According to the NIDA, “If stimulants are abused chronically, withdrawal symptoms––including fatigue, depression, and disturbed sleep patterns––can result when a person stops taking them.” Stimulant withdrawal can be one of the most difficult and one of the longest withdrawal periods to endure, as cravings and depression can last for months or even years. If you are struggling with the symptoms of stimulant withdrawal, here are some tips to help you cope.
The early stage of stimulant withdrawal is also commonly referred to as the crash. The intense and often very frustrating early stage usually lasts for a few days and can be extremely difficult to deal with. According to the CHCE, “Following binge use, individuals may initially experience a ‘crash’ period, which is characterized by symptoms of depression, anxiety, agitation, and intense drug craving.”
Most of these symptoms will last for a few days or maybe even a week before dissipating. There are medications that can be given during this time by doctors in a detox or rehab facility, including anticraving agents, but most of the time, patients will need to deal with these symptoms regardless of the treatments provided.
Coping with the early stage symptoms may take patience (from you as well as those helping to care for you) and time. However, there are some tips for making this phase easier on you and others.
During the intermediate stage, you may experience fatigue and a lack of interest in the things that surround you. You will likely feel that you do not have any energy even though you will not be as intensely drowsy as you may have been during the crash period. You will also continue to experience depression and cravings (the latter only if you were abusing stimulants).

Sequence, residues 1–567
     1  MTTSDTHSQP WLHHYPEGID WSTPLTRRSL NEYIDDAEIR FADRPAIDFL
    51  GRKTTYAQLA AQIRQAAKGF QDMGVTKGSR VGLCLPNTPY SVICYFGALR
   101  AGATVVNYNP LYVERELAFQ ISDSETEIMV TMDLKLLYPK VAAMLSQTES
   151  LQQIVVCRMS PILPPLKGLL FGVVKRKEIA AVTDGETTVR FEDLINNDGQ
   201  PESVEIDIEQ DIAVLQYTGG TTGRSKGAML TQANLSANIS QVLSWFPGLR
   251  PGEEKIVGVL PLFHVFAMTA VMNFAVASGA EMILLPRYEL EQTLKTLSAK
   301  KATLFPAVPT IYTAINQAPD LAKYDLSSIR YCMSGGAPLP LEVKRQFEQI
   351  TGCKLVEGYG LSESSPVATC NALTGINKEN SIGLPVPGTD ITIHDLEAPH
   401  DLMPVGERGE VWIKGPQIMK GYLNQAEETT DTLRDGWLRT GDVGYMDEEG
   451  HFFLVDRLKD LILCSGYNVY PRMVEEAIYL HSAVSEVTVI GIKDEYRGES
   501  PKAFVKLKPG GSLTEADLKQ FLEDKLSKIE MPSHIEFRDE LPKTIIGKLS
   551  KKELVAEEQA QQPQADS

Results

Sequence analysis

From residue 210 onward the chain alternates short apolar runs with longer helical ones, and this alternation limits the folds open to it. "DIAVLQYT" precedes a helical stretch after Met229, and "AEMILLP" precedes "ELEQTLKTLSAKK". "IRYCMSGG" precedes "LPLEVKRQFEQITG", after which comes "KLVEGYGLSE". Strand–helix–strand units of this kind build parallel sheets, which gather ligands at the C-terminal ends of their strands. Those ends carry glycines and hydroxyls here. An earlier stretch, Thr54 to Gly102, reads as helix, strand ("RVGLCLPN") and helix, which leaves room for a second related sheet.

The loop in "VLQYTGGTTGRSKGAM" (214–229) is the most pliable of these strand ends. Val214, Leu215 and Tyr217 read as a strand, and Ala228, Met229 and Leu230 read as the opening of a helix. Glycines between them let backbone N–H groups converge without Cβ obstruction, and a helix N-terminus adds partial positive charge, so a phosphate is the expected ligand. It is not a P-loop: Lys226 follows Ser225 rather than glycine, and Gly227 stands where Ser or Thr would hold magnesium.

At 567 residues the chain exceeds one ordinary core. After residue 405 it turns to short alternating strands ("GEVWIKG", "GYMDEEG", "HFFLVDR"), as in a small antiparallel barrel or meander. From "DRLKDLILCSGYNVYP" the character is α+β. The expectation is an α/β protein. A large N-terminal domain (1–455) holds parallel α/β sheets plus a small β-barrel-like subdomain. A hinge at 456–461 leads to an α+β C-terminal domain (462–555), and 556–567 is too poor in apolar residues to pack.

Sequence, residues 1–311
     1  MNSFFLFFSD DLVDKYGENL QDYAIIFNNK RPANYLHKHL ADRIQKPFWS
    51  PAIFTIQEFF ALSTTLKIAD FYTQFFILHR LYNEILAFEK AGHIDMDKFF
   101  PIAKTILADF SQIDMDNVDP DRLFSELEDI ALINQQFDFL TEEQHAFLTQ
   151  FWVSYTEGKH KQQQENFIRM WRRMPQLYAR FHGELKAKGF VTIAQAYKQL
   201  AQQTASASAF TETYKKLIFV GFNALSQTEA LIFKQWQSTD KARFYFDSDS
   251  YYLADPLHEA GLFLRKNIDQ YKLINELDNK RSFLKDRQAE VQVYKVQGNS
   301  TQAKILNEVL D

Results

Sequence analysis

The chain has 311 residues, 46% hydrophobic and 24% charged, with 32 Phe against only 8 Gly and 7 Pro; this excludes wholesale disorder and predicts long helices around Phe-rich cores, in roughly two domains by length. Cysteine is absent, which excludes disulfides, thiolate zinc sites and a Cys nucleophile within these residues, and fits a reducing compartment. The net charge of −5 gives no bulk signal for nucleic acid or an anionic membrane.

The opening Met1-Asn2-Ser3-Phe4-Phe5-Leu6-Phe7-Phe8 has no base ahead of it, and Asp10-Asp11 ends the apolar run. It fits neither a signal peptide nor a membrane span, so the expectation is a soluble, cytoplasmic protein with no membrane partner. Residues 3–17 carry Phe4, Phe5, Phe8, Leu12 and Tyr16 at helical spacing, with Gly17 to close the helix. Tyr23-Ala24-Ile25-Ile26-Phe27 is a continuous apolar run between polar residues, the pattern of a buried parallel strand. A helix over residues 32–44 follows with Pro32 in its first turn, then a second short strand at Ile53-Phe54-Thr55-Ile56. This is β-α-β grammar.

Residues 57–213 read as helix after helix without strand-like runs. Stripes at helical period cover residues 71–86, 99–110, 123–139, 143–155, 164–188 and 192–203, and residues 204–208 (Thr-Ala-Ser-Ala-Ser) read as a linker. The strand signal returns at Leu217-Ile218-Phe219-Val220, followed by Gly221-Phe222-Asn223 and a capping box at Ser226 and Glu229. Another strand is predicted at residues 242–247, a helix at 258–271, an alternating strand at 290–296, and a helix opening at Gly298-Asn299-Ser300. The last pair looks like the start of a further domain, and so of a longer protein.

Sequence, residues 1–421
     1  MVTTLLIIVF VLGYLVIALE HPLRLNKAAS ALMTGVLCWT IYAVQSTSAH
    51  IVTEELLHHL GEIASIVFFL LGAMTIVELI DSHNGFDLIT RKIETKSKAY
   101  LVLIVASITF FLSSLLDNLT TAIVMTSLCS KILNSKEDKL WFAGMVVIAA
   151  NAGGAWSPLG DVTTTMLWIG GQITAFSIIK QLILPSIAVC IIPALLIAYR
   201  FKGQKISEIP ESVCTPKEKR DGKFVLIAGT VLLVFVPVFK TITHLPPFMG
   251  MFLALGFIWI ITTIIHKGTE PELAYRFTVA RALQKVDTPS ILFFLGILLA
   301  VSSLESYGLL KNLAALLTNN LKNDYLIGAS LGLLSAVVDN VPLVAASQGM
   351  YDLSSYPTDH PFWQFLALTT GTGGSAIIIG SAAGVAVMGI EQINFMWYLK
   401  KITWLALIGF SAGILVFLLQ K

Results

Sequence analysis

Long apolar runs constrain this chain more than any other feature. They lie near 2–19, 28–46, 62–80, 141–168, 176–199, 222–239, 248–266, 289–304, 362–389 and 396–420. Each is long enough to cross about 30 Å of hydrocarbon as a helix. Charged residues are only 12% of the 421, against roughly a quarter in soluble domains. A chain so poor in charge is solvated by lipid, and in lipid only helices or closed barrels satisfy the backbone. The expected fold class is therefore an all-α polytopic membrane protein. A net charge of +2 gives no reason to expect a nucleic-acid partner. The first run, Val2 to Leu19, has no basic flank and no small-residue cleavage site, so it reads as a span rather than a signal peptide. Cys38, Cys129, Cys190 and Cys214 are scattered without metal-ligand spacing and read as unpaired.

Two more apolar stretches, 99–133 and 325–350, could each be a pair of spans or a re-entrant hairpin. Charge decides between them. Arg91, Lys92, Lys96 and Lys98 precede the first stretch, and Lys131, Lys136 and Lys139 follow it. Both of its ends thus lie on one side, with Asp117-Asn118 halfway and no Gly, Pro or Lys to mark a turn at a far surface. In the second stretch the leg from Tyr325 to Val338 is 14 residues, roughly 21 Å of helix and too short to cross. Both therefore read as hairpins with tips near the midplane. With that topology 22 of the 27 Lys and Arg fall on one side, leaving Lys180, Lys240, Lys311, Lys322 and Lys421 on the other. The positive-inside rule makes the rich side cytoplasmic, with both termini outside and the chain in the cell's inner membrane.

Your motor skills may feel especially slowed for a while (especially if you have been abusing cocaine), and you will likely experience “vivid and unpleasant dreams” and possible suicidal thoughts (NLM). This stage may last for a month or more, which is longer than most withdrawal syndromes, as some symptoms will linger such as depression and apathy. But there are ways of coping with these issues as well.
Coping with these symptoms will also take patience, and you may need to give yourself time to get used to not being on stimulants. While stimulant drugs can cause a person to feel like everything, including their thoughts, is moving very fast, withdrawal from these drugs will cause a slowing of activity and a generalized malaise.
You can cope with these symptoms by:
The late stage consists of an end to continuous withdrawal symptoms and occasionally encountering triggers that make you crave stimulants again. This can last for years and it can be hard for an individual to predict when they will have a trigger episode.
The best way to cope once your withdrawal from stimulants becomes part of the background noise of your life is to not give yourself reasons to feel triggered. If you have to, avoid caffeine and other low-impact stimulants so as not to trigger cravings for high-impact ones like cocaine and methamphetamine. Avoid your triggers wherever you can and make sure to attend therapy so that you will know how to cope if you do experience them.
If you are experiencing psychosis as a result of your stimulant withdrawal, you must check into formal treatment. Psychosis occurs before and during the crash phase in certain individuals who have been abusing immense amounts of stimulant drugs. You should not forgo formal treatment if you are experiencing stimulant-induced psychosis.